The fingering in the next sextuplet would appear to confirm this interpretation; at the very least it is compatible with it (note that it is not 3/0 on the a, just 3!). Playing the a on the open string would make this way of playing it impossible.
April 17, 2019, 10:06 AM · @Albrecht - yes, that does seem to rule out the double-stop theory, but there's no way the downward-stemmed E can sound for a full crotchet when the E must be played again a quaver later! I think Irene is correct, that the downward stems are simply to remind the player to bring out the passacaglia theme and rhythm by whatever alchemy may be contrived
Edited: April 17, 2019, 1:30 PM · The way I see it you play the arpeggio but you just keep the e sounding while you play the two cs. What you suggest is generally marked with accent signs (Prokoffief solo sonata, second movement, second to last variation for example would be quite similar). Why would Ysaye write it this way when accent signs would do? And why give the down stem notes different values? That has to mean something.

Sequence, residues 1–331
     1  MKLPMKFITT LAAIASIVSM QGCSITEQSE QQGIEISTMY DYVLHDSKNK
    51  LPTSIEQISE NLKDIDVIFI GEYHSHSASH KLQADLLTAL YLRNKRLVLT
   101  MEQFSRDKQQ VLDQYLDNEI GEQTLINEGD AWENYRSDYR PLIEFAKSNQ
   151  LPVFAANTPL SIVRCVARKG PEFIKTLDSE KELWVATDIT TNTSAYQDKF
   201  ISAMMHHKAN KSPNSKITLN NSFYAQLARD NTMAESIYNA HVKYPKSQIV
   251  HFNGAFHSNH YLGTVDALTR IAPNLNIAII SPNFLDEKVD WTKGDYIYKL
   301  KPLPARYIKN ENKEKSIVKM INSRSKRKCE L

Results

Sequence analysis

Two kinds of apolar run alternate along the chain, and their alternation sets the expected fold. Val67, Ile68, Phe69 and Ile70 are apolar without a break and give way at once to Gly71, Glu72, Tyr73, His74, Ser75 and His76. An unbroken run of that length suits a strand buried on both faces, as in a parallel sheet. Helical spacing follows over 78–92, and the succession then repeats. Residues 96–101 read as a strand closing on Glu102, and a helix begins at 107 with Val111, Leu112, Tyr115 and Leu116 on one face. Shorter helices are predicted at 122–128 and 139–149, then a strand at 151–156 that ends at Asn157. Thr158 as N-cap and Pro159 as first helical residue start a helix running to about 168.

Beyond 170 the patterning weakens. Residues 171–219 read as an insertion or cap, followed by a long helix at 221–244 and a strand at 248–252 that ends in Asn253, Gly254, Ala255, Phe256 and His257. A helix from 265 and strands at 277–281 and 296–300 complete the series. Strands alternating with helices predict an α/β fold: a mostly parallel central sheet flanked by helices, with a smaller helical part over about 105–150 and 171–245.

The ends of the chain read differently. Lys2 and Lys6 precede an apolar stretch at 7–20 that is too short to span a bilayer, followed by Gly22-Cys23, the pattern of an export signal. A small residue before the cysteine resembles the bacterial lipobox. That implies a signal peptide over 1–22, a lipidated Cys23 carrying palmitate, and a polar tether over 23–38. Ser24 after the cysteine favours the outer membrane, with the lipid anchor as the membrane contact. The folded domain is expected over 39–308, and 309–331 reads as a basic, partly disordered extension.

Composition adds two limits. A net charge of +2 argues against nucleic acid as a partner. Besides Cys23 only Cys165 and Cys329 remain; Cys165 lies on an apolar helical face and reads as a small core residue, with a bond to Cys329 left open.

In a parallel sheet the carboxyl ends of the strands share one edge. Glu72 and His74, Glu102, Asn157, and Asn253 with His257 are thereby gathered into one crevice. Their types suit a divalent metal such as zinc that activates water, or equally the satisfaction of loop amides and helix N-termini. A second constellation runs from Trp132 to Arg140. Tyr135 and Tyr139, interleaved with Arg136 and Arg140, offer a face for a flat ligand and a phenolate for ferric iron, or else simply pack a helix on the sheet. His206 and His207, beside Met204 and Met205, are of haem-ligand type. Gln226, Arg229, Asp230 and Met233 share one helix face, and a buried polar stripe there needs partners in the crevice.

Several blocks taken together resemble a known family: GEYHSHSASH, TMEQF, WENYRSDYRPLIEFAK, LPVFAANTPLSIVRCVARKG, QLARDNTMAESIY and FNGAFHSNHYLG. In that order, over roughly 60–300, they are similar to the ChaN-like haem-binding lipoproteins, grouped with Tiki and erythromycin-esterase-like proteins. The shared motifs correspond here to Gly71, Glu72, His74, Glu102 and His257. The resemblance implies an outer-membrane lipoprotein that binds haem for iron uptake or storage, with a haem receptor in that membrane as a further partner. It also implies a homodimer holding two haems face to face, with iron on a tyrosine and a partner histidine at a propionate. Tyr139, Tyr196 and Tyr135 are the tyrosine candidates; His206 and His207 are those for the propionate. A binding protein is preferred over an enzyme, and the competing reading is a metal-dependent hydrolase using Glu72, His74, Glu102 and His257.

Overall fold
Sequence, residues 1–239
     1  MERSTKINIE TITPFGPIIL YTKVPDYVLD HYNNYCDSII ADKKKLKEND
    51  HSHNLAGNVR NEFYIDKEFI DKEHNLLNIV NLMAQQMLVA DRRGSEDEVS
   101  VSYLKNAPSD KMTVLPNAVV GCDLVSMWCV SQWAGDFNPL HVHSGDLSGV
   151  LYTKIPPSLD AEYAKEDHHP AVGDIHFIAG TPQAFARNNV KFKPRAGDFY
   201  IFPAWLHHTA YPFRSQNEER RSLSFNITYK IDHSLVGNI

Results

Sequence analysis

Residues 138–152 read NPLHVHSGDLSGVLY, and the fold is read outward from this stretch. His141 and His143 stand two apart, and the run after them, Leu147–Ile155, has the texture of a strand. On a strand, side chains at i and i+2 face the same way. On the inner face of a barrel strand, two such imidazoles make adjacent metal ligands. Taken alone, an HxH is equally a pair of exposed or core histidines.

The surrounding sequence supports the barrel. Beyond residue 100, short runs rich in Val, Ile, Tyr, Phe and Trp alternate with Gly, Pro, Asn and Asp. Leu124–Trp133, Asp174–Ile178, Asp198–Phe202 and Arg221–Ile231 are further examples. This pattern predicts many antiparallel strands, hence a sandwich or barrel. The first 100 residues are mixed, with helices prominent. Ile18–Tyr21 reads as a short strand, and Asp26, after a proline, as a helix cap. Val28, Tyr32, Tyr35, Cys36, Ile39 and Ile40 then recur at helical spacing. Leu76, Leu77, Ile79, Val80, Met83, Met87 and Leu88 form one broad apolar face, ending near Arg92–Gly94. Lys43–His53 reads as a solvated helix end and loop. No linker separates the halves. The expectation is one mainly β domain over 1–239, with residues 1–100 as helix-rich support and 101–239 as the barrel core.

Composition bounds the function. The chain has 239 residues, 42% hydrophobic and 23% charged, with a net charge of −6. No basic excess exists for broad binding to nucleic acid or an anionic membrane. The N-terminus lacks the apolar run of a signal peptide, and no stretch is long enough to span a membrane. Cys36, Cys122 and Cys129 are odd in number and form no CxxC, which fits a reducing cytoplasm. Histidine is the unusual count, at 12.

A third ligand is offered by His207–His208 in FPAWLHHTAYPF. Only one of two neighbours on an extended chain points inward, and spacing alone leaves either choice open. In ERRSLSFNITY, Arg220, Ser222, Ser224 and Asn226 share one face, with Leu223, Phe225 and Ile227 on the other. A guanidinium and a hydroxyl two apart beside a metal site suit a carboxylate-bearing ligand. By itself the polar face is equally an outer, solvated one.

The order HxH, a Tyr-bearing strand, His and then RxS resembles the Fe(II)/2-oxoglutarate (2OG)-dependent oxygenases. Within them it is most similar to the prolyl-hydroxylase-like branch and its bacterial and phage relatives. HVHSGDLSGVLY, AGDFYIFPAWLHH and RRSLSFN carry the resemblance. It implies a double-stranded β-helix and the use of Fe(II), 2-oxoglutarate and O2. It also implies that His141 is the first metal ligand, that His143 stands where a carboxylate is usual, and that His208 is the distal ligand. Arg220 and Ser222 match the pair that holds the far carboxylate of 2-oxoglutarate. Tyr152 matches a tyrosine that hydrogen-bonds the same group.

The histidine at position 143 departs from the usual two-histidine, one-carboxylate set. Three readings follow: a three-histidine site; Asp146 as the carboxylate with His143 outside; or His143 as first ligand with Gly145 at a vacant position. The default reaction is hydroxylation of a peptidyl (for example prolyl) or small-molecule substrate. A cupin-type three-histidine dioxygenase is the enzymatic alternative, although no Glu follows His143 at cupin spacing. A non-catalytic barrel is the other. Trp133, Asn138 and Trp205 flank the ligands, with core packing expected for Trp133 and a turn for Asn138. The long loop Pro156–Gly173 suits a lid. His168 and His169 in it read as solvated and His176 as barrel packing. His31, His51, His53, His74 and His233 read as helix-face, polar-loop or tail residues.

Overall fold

April 17, 2019, 2:54 PM · Ysaye wrote it as he thought fit. Notation has it limits.
Look at what we do to Bach!
April 17, 2019, 3:09 PM · Hi,

Jacob, the notes that are marked are those of the ostinato that makes up the base of the movement. The bowings and rhythm are meant to be played as is written with the notes brought out (either slightly accented or with more bow) without changing anything else. Ysaÿe marked things that way so that where the notes that belong to the ostinato are clear.

Also, not written in the part, but from Ysaÿe himself via Joseph Gingold to my teacher to me, is that the ostinato should be played twice in pizzicato by itself before the start of the movement.

Hope this helps...

Cheers!

April 17, 2019, 4:47 PM · I thought I remembered having a recording of Ysaye himself playing his sonatas.

Personally, I wouldn't over-think those thematic notes. I think Ysaye wants the violinist to know that they're there, but trying to really bring them out isn't necessary. In fact, I think trying to emphasize them may end up sounding forced and hokey, especially considering their metrical position. It can be done in the Bach theme he uses in the 2nd sonata, but not so much here. Trying to play unisons or some kind of double stops is a worse idea.

April 17, 2019, 7:37 PM · Hi,

Scott, Ysaÿe didn't record the sonatas, and sadly, neither did the violinists to whom each sonata was dedicated.

The notes should be brought out, but I agree with Scott that it should not be grotesque. Also, they are not unisons. They are marked to show the ostinato theme within the arpeggiated figures, but they are not double-stops. One way to bring them out without exaggeration is to vibrate the notes as they come.

Hope this helps a little further...

Cheers!